Posted: Jun 02, 2022 3:20 PM
It’s easy to see why there’s so much support for “student loan forgiveness” among the roughly 15% of US residents who still hold it. That sentiment may be particularly evident among those who hold nearly half of that debt — doctors, lawyers and other higher-degree holders, who have used student loans to rack up lucrative degrees, according to Forbes contributor Frederick Hess.
But for the other 85% — among them the taxpayers who distribute much of the burden of reimbursement — frankly, the idea may be about as appealing as throwing a stack of $20 bills down the dresser.
Through several proposed scenarios, here’s what we see according to blogs by Fed economists after the release of last month’s report from the New York Federal Reserve on the matter.
These Fed economists – Jacob Goss, Daniel Mangrum and Joelle Scally – say most of the proposals emerging since the 2020 election cycle have centered on the blanket cancellation of federal student loans (typically $10,000 or $50,000) or cancellation of loans with certain income limits for eligibility. The ability to pinpoint even close to the amount allegedly collectively owed for outstanding and defaulted student loans is problematic, however.
This is – it seems – because there is no reliable way to capture the entire population that holds this debt, and no way to analyze the total debt between those who owe bank loans. federal and commercial (or both). The New York Fed therefore went ahead and analyzed federal loan data exclusively.
Therein lies the more mind-boggling financial implications of the details, to follow.
By calculating the dollar value of the only federal loans that would be canceled under the proposed policy—Direct Loans Disbursed by the Federal Government; through the Family Federal Education Loan (FFEL) program and subsequently consolidated into the Direct program or sold to the federal government; and defaulted Direct or FFEL program loans – the Fed team calculated the total outstanding balance due in December 2021 to be $1.38 trillion.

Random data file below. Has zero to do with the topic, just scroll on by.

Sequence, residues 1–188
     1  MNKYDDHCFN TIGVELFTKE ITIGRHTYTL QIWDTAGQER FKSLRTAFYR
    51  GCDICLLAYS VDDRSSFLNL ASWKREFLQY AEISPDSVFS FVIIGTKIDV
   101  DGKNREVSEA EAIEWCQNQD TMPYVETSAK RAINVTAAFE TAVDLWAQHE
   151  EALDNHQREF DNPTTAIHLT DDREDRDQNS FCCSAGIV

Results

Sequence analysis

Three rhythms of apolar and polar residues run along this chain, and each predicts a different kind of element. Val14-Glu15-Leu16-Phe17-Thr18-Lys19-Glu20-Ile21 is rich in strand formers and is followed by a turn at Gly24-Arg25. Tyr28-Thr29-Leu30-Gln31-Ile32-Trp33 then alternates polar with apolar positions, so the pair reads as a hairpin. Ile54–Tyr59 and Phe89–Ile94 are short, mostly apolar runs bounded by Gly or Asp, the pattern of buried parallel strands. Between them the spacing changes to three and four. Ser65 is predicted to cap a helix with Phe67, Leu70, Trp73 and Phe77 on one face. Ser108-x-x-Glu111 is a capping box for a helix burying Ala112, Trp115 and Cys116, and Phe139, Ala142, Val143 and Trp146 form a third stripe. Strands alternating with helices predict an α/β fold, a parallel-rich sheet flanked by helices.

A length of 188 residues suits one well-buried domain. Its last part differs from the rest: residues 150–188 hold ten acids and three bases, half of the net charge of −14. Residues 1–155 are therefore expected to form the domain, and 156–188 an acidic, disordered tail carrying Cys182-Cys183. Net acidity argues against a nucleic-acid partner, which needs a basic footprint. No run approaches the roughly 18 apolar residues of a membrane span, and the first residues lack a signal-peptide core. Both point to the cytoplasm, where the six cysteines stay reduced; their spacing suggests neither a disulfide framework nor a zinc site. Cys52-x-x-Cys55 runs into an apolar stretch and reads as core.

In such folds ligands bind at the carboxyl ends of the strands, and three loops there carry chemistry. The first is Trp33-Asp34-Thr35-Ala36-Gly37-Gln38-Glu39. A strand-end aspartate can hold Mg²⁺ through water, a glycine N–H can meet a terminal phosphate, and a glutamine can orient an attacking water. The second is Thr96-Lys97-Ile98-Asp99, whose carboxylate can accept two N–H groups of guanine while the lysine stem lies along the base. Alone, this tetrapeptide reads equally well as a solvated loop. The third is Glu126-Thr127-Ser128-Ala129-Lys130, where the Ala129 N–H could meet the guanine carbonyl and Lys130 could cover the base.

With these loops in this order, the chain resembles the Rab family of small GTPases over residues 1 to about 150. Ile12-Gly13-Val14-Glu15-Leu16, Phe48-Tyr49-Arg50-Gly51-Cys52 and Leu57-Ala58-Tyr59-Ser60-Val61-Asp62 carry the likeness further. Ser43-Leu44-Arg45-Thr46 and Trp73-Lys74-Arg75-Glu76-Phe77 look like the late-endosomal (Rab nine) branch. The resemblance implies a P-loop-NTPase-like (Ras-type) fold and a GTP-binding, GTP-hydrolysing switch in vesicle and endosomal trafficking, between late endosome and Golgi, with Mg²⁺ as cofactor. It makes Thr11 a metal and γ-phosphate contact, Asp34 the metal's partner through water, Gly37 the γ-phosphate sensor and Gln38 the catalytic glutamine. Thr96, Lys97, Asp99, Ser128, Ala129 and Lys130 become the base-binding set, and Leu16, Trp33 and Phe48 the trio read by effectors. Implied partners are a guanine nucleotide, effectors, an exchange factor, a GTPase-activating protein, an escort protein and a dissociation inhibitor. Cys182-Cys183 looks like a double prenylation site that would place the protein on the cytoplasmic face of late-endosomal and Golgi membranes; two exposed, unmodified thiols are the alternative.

For emphasis, we rephrase: $1.38 trillion.
Reviewing each proposal, Fed economists began with the possibility of limiting the forgiveness to a maximum of $50,000 per borrower – which they said would cost $904 billion and forgive the total balance at $29.9 million. , or 79% of the 37.9 million federal borrowers.
That would equate to an average of $23,856 per borrower, a nice chunk of change by any measure. Adding insult to financial harm, the Fed blog says this threshold would also forgive 77% of all delinquent or defaulted federal student loans before the pandemic.
Economists say another idea of forgiving $10,000 per borrower would wipe out $321 billion of loan-only fueled debt; eliminate the entire balance for 11.8 million borrowers (31.1%); and clear 30.5% of pre-pandemic delinquencies or defaults, which equates to $8,478 in forgiveness on average for each borrower.
We don’t claim to speak for the 70% of Americans who would be forced to pay the costs of any federal pardons, let alone the billions (more likely trillions) in losses that could be reversed by private lenders – but at best these ideas seem half-baked – and at worst, a bad plan, no matter how you stack them.